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NEW YORK, TUESDAY, DECEMBER 13, 1949

An Atom Institute Urged for Europe

Cultural Conference Also Bids Nations Remove Barriers to Free Flow of Books

Special to THE NEW YORK TIMES

LAUSANNE, Switzerland, Dec.— the founding of an all-European Institute at Nuclear Physics and the removal of restrictions on the flow of books and magazines among European countries were among the major recommendations adopted today by the European Cultural Conference.

The meeting of 150 leaders of European thought associated with the European Movement closed its four-day session by passing three sets of resolutions designed to point the way for replacing competing national outlooks with a single European outlook in all cultural fields.

That national sensibilities will be almost as difficult to overcome in the cultural as in the economic field was demonstrated in today's debate on whether French and English should have preference in teaching European students an international language to facilitate the interchange of ideas among nations.

Delegates who felt this proposal represented cultural aggrandizement were somewhat appeased by insertion of the words “for entirely practical reasons” before the recommendation. Advocates of German as one of the preferred languages were stilled by the intervention of Carlo Schmid, vice president of the West German Parliament, who urged the delegates to recognize the fact that French and English were international languages while other European languages were not “at the present time.” Some delegates then tried without success to exclude English.

The conference deplored the absence of cultural exchange between Eastern and Western Europe and urged that every effort be made to resume cooperation under conditions of “liberty of movement and freedom of expression.” Eastern European exiles urged the conference to go much farther in extending a promise of support to exiled students and professors from Communist countries.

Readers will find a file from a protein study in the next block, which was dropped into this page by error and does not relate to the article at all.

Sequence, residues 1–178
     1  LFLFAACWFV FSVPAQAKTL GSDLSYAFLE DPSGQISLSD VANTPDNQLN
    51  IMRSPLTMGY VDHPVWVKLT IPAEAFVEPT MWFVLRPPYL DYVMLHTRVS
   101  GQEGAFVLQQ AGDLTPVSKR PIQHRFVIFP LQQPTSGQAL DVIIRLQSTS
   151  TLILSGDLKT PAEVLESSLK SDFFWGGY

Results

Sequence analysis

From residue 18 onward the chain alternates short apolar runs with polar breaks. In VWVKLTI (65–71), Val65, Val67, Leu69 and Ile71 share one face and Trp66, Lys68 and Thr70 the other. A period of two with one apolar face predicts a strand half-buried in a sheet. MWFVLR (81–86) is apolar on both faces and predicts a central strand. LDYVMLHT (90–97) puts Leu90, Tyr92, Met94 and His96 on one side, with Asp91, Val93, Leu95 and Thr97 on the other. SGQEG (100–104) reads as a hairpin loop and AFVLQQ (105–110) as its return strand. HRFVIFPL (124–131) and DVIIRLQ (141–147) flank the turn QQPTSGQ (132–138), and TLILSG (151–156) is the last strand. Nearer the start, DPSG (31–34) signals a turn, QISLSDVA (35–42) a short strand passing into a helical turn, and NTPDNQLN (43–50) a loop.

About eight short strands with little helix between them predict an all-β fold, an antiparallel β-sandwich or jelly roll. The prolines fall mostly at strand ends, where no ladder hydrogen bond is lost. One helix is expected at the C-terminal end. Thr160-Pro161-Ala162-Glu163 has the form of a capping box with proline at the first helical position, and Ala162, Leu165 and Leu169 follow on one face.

Considerable evidence of barriers to free cultural exchange in post-war Europe was presented. “There are,” the final resolution said, “more restrictions, more obstacles than existed ten years ago.”

The conference called for a great expansion of the system of exchange students and exchange professors in European schools. It also recommended that the College of Europe, recently established on a trial basis at Bruges, Belgium, be started on a full-time basis in the autumn of 1950.

Film production and nuclear research are two fields in which a joint European effort is most needed, the conference was told. No single country is large enough or can mobilize enough resources to bring Europe up to American standards in atomic research, said Raul Dautry of the French Atomic Energy Commission.

Praising the work of the conference, Duncan Sandys, chairman of the executive committee of the European Movement, told the delegates their recommendations would be energetically supported by the whole European Movement.

From: The New York Times, Tuesday, 13 Dec 1949, p. 13.

See also:

Nature bears long with those who wrong her. She is patient under abuse. But when abuse has gone too far, when the time of reckoning finally comes, she is equally slow to be appeased and to turn away her wrath. (1882) -- Nathaniel Egleston, who was writing then about deforestation, but speaks equally well about the danger of climate change today.
Carl Sagan Thumbnail Carl Sagan: In science it often happens that scientists say, 'You know that's a really good argument; my position is mistaken,' and then they would actually change their minds and you never hear that old view from them again. They really do it. It doesn't happen as often as it should, because scientists are human and change is sometimes painful. But it happens every day. I cannot recall the last time something like that happened in politics or religion. (1987) ...(more by Sagan)

Albert Einstein: I used to wonder how it comes about that the electron is negative. Negative-positive—these are perfectly symmetric in physics. There is no reason whatever to prefer one to the other. Then why is the electron negative? I thought about this for a long time and at last all I could think was “It won the fight!” ...(more by Einstein)

Richard Feynman: It is the facts that matter, not the proofs. Physics can progress without the proofs, but we can't go on without the facts ... if the facts are right, then the proofs are a matter of playing around with the algebra correctly. ...(more by Feynman)
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